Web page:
It may seem strange to write about how to prepare for the Christmas seasonal surge in the warehouse so early in the year. But the e-commerce surge can increase order volume by a factor of five or more for some retailers. To prepare for those kinds of volumes, you really do need to begin very early in the year.
One of the biggest challenges associated with retail and B2C is the seasonal surge in orders. The recent push by large online companies as well as retailers makes the problem worse. Mark Dickinson, the head of IT sales at SSI Schaefer, pointed out that when large-scale online retailers open a new fulfillment center it’s not uncommon for the facility to be built with over one million square feet or more. Distribution centers of this magnitude are opening up frequently and are employing three to four thousand workers in nonpeak season. However, that number swells to 25,000 at peak. This increase during holiday season soaks up the available warehouse labor within the local areas; “workers will move for 5 cents more per hour, knowing that each fulfillment center down the road is offering an unrestricted signing bonus as well.”
Both Mr. Dickinson and my colleague Clint Reiser view e-commerce as the primary driver of growth in warehouse automation solutions. In Clint’s Warehouse Automation & Control market study, he reports that retailers and B2C manufacturers are investing in “systems that can efficiently handle a high volume of small, multi-line-item orders. These systems include goods-to-person systems such as shuttles, pick-to-light, and put-to-light. Practitioners are also leveraging and expanding upon existing infrastructure such as the use of conveyance along with the use of put walls, and garment on hanger systems fitted to transport small and light items other than the traditional apparel.”
A Put Wall (Picture from Dematic North America)
It is worth noting that put walls are increasingly being used because this is a process that can handle holiday surge volumes at a relatively low cost. These zones are often added right before the end of year Holiday surge in orders, and then taken down after the season is over. Warehouse management systems that are inherently flexible make it easier to create these new zones and processes.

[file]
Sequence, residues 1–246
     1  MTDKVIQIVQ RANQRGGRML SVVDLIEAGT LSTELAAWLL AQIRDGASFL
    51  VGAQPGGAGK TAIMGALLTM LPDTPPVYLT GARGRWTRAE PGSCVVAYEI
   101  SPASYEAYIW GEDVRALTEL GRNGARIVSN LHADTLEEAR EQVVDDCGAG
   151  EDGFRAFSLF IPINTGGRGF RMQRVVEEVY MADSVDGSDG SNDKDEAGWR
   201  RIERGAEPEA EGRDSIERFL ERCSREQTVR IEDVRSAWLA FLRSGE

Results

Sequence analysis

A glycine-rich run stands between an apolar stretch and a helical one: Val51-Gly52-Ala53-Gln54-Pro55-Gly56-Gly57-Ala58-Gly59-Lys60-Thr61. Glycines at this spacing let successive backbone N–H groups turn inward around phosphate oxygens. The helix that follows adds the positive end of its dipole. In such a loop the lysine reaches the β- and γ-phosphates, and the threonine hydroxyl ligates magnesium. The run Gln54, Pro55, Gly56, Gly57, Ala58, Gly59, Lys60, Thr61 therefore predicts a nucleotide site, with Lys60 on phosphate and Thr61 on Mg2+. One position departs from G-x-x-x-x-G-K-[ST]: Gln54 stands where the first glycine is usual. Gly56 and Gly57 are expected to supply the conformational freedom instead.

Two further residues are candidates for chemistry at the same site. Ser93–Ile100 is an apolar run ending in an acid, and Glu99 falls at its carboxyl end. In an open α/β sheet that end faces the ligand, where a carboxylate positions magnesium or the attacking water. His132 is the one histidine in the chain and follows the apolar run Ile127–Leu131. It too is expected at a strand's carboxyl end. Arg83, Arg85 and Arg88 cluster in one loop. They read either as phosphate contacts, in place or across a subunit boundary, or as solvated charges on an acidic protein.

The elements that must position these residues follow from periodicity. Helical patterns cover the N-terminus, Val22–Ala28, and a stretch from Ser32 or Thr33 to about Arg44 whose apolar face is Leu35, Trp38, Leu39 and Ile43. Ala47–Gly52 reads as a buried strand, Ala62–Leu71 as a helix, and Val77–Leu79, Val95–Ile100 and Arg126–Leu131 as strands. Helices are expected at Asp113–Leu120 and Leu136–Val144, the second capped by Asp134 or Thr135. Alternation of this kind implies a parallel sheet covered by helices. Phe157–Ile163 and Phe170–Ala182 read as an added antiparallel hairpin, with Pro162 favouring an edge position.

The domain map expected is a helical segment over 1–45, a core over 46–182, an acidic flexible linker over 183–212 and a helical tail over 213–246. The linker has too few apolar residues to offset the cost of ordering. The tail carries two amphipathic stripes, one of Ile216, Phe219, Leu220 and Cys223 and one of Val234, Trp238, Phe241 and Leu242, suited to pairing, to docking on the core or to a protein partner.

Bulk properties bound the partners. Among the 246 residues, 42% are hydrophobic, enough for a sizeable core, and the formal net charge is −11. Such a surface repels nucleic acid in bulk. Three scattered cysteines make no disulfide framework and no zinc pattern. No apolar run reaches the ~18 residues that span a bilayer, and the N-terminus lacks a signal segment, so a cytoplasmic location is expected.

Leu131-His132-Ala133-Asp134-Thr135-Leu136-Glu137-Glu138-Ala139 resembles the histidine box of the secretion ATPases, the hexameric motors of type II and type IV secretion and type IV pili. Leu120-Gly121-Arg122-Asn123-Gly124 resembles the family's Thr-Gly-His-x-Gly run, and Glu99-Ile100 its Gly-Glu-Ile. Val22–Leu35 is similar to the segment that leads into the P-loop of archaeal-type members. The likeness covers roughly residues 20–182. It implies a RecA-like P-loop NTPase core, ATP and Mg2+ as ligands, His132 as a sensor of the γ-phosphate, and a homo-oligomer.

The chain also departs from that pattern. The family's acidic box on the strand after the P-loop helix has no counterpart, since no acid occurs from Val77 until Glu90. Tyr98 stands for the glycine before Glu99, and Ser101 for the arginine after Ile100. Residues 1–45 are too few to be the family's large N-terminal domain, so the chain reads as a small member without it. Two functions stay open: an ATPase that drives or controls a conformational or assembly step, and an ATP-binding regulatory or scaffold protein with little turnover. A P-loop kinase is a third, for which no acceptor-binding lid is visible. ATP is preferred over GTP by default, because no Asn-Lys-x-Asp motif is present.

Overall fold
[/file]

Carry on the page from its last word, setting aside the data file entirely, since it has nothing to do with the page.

There is other important functionality a WMS should have to support e-commerce; good waveless functionality is needed. In a traditional WMS, efficiencies are created by dropping a large batch of orders to the floor at the same time. If the truck headed to store number one is arriving at dock door three in an hour, it makes sense to create efficiencies by picking all the orders headed to that store at the same time. This does not work with e-commerce. Mr. Dickinson explained that you need a business rules hierarchy that puts orders into a funnel and can drop a new order at the front of queue depending on priority (based on the delivery date or importance of the customer, for example).
Diego Pantoja-Navajas, the former CEO at the Cloud-based WMS solution LogFire, and now the head of WMS product development at Oracle (Oracle acquired LogFire in December) describes waveless functionality somewhat differently. In his view, e-commerce orders are generally dropped to the floor as they come in. But it is important that the WMS know where workers are located so that a worker in close priority to the product’s storage location can be dispatched to pick that order immediately as they are available in the system.
Mr. Pantoja-Navajas also points to the benefits of a chaotic put-away approach to distribute pickers evenly across picking aisles. In a traditional put-away approach, a particular product whose volumes are too high to support just one put-away location, stores the product in slots adjoining each other increasing the opportunity for aisle congestion. E-commerce requires a hot product to be stored in several slots spread across multiple aisles decreasing aisle congestion. E-commerce environments also typically maintain large assortments of items that are constantly changing, so fixing items to be put-away to specific areas in the warehouse will become expensive and inefficient, hence flexible put-away rules allow for the system to distribute the product across multiple aisles balancing aisle traffic and product category demand.
There are other features in a WMS, and other solutions, that support seasonal surges. I’ll save a discussion of those for a future article. But I’d like to close by reiterating the point I made in the introduction, it is not too early to begin preparing for the seasonal surge in e-commerce orders.